As I mentioned at the beginning of the discussion, humans require very specific conditions in which to avoid pains, seek pleasures, and in general flourish. Those are the most general principles guiding moral behaviors. They were developed by the efforts of many moral thinkers over long stretches of time. I am simply offering what I take to be an accurate summary.

Pleasures and pains are fairly similar between people, so there is a fairly narrow range of appropriate moral applications for those principles, i.e. don't intentionally cause yourself or others unnecessary pain, make your life and the lives of others pleasant, etc. Many more specific moral actions fall under those categories.

However, how each individual pursues his or her own idea of flourishing can be highly idiosyncratic, even within the social constraints of not harming others and performing useful roles in society. Such pursuits are what are most often "bound by circumstances", and those circumstances include the talents and other resources of the individual, their opportunities, the limits of the environment and so on. Each case is different, although all cases may fall into different generalized categories.

Of course, this is all still talking on a general level. The devil is always in the details because of the tradeoffs and unintended consequences of a wide variety of experimental behaviors. That is what makes our legal system so lively.

But what are the alternatives? Religious people who say they offer "objective morality" are really just repeating a faith statement, that God, who knows best, has somehow told them exactly what to do. Since I define the word "objective" as "unbiased" or "pertaining to realities", it seems quite clear to me that religious moral systems are neither. Only more complex approaches to moral questions such as I have outlined can encompass the objective realities of the modern world.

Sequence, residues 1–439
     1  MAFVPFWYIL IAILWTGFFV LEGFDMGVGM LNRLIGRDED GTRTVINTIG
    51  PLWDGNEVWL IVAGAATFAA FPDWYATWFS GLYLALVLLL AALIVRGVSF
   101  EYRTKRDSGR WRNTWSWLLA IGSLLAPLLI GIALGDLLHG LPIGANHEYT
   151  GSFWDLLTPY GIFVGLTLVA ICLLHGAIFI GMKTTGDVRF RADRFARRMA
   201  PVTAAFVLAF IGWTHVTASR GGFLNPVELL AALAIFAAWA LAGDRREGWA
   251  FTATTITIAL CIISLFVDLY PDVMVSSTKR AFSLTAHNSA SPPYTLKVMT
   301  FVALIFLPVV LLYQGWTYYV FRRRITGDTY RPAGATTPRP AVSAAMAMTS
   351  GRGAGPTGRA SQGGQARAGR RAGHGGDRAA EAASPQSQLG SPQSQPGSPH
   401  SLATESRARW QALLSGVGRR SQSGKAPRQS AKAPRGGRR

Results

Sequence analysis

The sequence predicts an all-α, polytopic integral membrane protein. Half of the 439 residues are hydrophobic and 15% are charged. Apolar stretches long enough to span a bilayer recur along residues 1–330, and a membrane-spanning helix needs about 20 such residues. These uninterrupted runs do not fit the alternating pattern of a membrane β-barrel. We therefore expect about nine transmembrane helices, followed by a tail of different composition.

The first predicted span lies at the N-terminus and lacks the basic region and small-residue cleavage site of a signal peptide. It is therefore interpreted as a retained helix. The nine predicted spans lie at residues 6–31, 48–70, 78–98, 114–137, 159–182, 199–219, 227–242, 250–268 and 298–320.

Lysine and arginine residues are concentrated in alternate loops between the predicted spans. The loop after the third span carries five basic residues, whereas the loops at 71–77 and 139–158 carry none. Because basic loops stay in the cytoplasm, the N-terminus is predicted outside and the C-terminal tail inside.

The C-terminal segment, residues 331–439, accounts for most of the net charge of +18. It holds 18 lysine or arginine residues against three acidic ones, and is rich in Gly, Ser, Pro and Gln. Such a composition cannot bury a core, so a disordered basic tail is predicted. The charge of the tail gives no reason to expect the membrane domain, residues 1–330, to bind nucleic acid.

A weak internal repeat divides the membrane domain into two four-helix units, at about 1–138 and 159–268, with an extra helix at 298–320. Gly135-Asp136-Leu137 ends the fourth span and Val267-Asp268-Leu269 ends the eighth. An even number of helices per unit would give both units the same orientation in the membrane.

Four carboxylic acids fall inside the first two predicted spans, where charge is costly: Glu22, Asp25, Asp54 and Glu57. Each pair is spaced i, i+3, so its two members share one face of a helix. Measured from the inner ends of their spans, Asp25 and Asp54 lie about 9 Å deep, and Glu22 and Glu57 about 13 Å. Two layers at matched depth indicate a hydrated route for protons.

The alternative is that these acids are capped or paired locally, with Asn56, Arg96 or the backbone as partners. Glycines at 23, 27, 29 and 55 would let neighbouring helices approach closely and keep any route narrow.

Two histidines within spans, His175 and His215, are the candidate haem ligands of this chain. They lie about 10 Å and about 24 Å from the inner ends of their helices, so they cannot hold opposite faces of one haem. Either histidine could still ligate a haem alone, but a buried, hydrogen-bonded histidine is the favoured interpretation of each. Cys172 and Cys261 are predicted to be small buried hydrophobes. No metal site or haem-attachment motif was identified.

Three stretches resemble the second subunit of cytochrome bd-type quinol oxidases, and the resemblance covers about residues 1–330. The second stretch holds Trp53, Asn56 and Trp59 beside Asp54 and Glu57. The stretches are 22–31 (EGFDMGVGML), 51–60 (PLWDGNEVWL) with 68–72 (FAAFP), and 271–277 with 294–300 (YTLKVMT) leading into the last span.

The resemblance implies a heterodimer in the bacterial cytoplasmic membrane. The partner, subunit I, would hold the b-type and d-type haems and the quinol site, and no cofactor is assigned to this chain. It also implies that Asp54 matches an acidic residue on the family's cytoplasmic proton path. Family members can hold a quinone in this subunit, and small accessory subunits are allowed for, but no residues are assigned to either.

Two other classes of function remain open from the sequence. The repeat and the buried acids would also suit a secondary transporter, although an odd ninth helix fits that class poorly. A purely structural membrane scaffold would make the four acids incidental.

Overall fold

Find all posts by this user
[+] 1 user Likes Thoreauvian's post
15-02-2018, 10:16 AM
RE: interview with Thoreauvian on morality and ethics
Do you believe laws and institutions linked to justice, power and education are founded on favored application of moral principles and ethics?

To what extand should moral principles be enforced within a society? For example, should public education make mandatory the teaching of a series of values and practices that goes beyond the simple respect of the law

Freedom is servitude to justice and intellectual honesty.
Find all posts by this user
[+] 2 users Like epronovost's post
15-02-2018, 11:40 AM
RE: interview with Thoreauvian on morality and ethics
(15-02-2018 10:16 AM)epronovost Wrote:  Do you believe laws and institutions linked to justice, power and education are founded on favored application of moral principles and ethics?

To what extent should moral principles be enforced within a society? For example, should public education make mandatory the teaching of a series of values and practices that goes beyond the simple respect of the law

Yes certainly, laws and institutions are founded on moral principles and ethics, as well as on other philosophical and religious considerations like aesthetics and metaphysics.